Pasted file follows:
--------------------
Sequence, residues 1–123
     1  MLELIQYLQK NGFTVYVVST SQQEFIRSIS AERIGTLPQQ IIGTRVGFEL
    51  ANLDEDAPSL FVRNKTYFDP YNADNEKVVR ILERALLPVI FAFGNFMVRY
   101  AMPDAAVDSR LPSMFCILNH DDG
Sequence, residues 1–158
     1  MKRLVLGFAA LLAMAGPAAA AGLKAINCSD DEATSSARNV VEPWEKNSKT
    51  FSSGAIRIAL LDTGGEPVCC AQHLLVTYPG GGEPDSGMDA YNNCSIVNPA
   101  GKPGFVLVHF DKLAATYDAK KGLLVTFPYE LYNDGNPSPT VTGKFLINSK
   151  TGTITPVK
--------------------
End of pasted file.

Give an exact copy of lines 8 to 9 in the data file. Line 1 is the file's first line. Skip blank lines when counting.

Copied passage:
   101  GKPGFVLVHF DKLAATYDAK KGLLVTFPYE LYNDGNPSPT VTGKFLINSK
   151  TGTITPVK